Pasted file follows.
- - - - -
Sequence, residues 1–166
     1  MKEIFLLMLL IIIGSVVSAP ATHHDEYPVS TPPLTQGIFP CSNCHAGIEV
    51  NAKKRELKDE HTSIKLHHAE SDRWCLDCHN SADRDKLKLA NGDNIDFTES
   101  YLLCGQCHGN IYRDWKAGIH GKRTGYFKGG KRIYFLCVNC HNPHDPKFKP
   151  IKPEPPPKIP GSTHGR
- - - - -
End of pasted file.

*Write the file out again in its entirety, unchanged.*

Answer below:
Sequence, residues 1–166
     1  MKEIFLLMLL IIIGSVVSAP ATHHDEYPVS TPPLTQGIFP CSNCHAGIEV
    51  NAKKRELKDE HTSIKLHHAE SDRWCLDCHN SADRDKLKLA NGDNIDFTES
   101  YLLCGQCHGN IYRDWKAGIH GKRTGYFKGG KRIYFLCVNC HNPHDPKFKP
   151  IKPEPPPKIP GSTHGR